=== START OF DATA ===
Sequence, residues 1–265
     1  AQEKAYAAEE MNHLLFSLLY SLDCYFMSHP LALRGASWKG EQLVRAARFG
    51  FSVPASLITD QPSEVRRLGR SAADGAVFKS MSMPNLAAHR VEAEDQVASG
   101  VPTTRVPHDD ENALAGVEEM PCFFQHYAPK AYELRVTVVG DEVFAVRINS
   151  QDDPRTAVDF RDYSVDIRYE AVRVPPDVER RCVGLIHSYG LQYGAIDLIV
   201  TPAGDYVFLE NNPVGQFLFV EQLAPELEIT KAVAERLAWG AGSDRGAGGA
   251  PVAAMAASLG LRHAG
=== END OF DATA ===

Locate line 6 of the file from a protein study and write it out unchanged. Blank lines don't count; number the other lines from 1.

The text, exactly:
   201  TPAGDYVFLE NNPVGQFLFV EQLAPELEIT KAVAERLAWG AGSDRGAGGA